Arians eventually told Brady he’d talk to him soon and then handed the phone back to Licht. “Hey, there’s one other thing here,” Licht said. “It’s a small thing, but maybe a big thing. We have a No 12 [the shirt number Brady had played in for the Patriots] on our team and he’s pretty good – Chris Godwin. What are you thinking about that?”

“Oh, he’s a great player,” Brady replied. “I’m not going to take his number. I don’t care about that. You know what number I’m thinking of? I’m thinking of taking maybe No 7. Is that available?”

“It is,” Licht said. “Why do you want that number?”

“I want that seventh ring,” Brady said.

NFL players have taken extreme measures in the past to secure their favorite jersey number. Back in 1995 Deion Sanders of the Dallas Cowboys bought a BMW for Alundis Brice in exchange for No 21, which had been Brice’s number. The Washington Redskins’ Clinton Portis paid $38,000 to Ifeanyi Ohalete for the privilege to don the No 26 jersey. And in 2014 Tennessee Titans backup quarterback Charlie Whitehurst, who had worn No 6 since his rookie season of 2006 with the Chargers, arm-wrestled punter Brett Kern for the right to wear No 6 – and lost.

But Godwin had other ideas. A few days before Brady had talked to Licht about the No 12, as rumors swirled in the Tampa facility that the team may sign Brady, Godwin was lifting weights when he told teammates, “If we get Tom Brady, I’ll gladly give up No 12.” When the two finally spoke, Brady told the receiver that he had no problem wearing No 7. But Godwin, wanting to start his relationship with Brady on a positive note, eventually told Brady he’d change his number to 14 and let him wear 12 because of the “respect” he had for his new quarterback. Like any wise wide receiver – especially one entering the final year of his contract – Godwin wanted to win over the man who would be in charge of how many throws came in his direction.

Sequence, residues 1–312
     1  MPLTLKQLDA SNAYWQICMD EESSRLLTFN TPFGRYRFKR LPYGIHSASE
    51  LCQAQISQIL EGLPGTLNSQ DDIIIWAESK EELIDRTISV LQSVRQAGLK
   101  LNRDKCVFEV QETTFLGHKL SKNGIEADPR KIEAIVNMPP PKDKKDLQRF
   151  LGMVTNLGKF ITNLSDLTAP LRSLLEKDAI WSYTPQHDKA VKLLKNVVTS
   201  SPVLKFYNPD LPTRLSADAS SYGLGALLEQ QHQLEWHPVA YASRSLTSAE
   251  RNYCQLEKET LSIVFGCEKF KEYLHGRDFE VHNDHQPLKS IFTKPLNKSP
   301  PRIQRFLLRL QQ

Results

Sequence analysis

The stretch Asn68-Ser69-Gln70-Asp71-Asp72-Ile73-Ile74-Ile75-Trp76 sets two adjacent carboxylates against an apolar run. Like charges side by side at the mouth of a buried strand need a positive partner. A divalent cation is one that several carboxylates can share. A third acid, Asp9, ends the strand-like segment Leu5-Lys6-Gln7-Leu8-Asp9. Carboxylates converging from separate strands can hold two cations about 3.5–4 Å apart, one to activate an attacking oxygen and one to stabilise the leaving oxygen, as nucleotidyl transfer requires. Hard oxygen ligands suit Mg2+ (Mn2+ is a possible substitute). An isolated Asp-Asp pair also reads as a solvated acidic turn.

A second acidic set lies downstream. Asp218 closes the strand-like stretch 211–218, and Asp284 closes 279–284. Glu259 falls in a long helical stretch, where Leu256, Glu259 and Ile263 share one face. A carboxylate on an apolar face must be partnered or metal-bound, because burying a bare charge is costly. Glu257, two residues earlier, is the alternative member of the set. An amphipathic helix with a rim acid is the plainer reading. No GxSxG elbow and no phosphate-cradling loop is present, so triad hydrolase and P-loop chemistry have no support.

After their call with Brady ended, Licht, Arians, and Arians’s wife, Chris, enjoyed a celebratory dinner at Ava, an Italian restaurant on Howard Avenue. Licht shared another nugget of information from his talk with Brady: The quarterback asked for the cell phone numbers of all the Tampa players. “Damn, that shows his commitment right there,” Arians said. “He hasn’t even signed his contract yet, and he’s already thinking about how he’s going to connect with his teammates. This is what leadership looks like. He’s going to make us better the second he walks into the building, even before he makes his first throw.”

During dinner at Ava, Arians spotted Raheem Morris sitting at another table. Arians waved Morris – the former head coach of the Buccaneers from 2009 to 2011 – over. “What are you guys celebrating?” Morris asked.

“Oh nothing,” Arians said, concealing his joy. “Just out enjoying a good meal.”

After more small talk, Morris walked away. Only three people in the state of Florida knew the biggest secret in sports.